Webinar: How to use Web 2.0 for professional development

Centro Colombo Americano is a private language institute with branches in major Colombian cities. Last Friday, I delivered a webinar at a national ELT conference organised by CCA Bogotá. I had previously run a few workshops for students and teachers, but this was the first one focusing on a topic that I had chosen by myself. My webinar was one of many sessions taking place at the same time, so it was a low-key event attended mostly by people I know from real life.

How to use Web 2.0 for professional development

This is the abstract of my webinar:

Professional development is associated mainly with workshops and conferences, which are part and parcel of our teaching lives. It is also important to mention that there are additional sources of information available to teachers. This presentation aims to highlight the value of user-generated online content for professionals involved in ELT.

Social media sites can serve as much more than a platform for sharing memes and photos of food. They allow teachers to create their own personal learning network and learn from more experienced colleagues. It is valuable to stay in touch with teachers from around the world and share ideas with them, which can include ready-made lesson plans that can be used in one’s teaching practice.

There is also a plethora of useful information on ELT blogs. This type content is based on the author’s personal experience and it may provide the readers with inspiration for their own actions. Blogs also include guides for successfully obtaining advanced teaching qualifications.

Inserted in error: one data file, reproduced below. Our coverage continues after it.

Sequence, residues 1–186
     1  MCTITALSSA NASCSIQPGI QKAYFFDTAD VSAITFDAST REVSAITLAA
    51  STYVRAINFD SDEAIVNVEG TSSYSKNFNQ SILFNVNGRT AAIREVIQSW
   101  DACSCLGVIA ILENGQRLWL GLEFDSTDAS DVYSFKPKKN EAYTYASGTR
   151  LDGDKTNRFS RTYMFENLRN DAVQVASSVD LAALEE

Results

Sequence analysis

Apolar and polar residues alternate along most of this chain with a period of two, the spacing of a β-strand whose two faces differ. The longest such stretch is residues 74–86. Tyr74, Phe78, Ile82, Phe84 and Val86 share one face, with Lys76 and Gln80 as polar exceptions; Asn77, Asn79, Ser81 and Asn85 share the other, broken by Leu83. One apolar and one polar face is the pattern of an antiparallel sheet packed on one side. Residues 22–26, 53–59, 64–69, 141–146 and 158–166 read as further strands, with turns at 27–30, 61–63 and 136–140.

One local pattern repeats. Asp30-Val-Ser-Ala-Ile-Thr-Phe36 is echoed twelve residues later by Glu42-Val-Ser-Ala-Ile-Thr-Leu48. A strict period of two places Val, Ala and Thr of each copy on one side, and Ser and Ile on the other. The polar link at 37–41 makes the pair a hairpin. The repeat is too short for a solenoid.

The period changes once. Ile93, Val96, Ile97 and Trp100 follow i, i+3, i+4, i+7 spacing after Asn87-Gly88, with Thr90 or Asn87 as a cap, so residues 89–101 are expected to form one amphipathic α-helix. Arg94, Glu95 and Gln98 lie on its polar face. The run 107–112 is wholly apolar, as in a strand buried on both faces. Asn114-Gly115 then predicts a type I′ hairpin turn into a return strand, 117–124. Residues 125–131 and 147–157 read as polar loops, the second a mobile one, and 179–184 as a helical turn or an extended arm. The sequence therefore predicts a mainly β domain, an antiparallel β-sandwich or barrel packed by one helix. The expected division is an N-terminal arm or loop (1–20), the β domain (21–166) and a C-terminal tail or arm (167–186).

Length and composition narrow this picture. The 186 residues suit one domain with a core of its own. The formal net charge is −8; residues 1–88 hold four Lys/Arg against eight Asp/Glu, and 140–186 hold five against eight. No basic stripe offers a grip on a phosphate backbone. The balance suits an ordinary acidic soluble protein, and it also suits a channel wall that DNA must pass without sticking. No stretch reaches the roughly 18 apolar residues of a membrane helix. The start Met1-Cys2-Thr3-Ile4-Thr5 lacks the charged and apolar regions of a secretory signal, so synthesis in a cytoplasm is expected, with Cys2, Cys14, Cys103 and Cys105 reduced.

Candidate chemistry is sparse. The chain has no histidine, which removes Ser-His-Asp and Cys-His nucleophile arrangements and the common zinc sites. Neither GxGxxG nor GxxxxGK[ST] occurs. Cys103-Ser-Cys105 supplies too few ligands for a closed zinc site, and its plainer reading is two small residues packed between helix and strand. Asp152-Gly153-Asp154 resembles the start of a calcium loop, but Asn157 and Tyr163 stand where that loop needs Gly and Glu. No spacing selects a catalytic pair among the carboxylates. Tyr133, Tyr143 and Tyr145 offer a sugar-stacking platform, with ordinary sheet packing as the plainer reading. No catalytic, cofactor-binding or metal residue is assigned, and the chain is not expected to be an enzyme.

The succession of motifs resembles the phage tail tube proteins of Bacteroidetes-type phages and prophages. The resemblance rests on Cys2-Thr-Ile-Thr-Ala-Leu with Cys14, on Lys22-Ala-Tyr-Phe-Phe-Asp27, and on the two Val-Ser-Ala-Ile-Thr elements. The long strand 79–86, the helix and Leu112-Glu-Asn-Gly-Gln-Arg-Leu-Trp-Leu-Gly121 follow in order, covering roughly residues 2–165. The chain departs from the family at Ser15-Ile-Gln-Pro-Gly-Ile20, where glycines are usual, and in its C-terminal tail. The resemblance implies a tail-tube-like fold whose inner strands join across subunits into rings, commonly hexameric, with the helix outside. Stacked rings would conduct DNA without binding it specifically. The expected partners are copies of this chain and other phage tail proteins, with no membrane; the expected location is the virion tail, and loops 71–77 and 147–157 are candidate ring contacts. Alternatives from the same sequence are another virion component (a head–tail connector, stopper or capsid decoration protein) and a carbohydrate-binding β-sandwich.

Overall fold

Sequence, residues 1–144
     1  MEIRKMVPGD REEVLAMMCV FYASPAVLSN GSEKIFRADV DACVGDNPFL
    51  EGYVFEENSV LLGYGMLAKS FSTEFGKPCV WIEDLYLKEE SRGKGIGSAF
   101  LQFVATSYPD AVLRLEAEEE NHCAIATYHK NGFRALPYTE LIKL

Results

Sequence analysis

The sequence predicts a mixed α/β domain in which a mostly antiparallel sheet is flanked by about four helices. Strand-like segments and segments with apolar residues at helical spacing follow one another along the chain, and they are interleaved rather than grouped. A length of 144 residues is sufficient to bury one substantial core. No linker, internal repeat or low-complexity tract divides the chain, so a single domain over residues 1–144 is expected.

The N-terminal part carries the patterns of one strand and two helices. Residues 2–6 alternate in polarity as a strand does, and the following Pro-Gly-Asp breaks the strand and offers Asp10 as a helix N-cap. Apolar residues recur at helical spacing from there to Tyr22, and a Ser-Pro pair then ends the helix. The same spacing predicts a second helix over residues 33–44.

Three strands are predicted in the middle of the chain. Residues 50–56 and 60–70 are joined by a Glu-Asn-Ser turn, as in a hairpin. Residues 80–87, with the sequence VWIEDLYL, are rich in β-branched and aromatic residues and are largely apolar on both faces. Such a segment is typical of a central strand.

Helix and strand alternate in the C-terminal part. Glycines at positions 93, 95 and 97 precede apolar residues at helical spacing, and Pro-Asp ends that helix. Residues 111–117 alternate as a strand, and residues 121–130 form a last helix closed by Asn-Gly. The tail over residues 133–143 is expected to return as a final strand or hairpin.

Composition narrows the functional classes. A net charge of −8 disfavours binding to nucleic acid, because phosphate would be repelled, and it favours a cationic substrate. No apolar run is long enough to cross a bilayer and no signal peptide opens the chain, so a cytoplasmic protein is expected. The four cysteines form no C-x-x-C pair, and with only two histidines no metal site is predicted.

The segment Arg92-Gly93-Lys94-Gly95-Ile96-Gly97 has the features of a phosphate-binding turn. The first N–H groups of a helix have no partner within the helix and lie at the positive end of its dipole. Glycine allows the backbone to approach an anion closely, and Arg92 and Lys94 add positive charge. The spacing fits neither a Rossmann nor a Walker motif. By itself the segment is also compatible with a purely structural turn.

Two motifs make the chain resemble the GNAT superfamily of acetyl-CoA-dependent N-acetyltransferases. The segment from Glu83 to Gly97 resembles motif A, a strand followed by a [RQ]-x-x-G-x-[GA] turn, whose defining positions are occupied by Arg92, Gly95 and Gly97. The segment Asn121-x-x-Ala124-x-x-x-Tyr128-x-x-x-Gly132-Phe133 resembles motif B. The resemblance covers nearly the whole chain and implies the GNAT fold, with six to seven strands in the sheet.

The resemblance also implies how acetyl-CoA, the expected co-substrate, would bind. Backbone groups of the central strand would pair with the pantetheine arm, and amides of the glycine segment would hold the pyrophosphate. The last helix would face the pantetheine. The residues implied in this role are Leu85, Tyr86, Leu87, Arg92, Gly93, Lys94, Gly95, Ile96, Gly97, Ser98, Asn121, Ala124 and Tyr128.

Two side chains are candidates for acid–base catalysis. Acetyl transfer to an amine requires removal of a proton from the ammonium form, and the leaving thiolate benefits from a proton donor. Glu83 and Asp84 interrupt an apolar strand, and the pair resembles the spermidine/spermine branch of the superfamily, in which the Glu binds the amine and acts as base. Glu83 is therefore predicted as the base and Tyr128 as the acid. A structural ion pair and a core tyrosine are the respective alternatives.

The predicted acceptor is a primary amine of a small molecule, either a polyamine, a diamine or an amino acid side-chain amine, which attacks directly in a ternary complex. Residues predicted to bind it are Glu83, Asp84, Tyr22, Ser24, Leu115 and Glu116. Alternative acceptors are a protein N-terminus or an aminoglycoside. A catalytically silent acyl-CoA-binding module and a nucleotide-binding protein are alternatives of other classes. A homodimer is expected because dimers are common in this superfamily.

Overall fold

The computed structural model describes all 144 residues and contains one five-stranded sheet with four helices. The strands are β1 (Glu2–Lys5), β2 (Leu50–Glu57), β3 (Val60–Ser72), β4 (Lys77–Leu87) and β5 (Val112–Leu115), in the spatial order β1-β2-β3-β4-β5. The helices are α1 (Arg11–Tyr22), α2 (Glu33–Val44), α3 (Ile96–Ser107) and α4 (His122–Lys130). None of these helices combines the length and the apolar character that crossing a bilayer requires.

Web 2.0 empowers teachers to get involved in the parts of professional development they find relevant to their own needs and interests. The presentation focuses on practical tips for taking advantage of this content and for getting involved in its production.

I know very well that Web 2.0 is just a buzzword that was popular fifteen years ago, and that it isn’t really used anymore. I figured that using fancy terms like that would increase the chances of having my proposal accepted. I was right because the organisers asked me to deliver a 40-minute workshop with a short Q&A session. This is how it went:

At first, I used Mentimeter to find out what ideas the participants associate with professional development.

Mind map: professional development

I then referred to Matt Ellman’s excellent blog post CPD is dead and here is why. I am sure that most teachers have attended workshops that turned out to be a complete waste of time. Ellman provides valid explanations for ineffectiveness of some CPD sessions, and suggests combining expert-guided learning with self-guided development. In my webinar, I stressed the importance of taking responsibility for your development as a teacher.

The main part of the session comprised of demonstrating how teachers can benefit from using social media and blogs. As I have mentioned before, there is a really nice community of ELT professionals on Twitter. I also find blogging very useful because it makes me reflect on my own teaching practice. By the way, I recommend watching Jim Fuller’s interview with Rachel Tsateri because they talked about the benefits of blogging and discussed other topics that developing teachers will find relevant.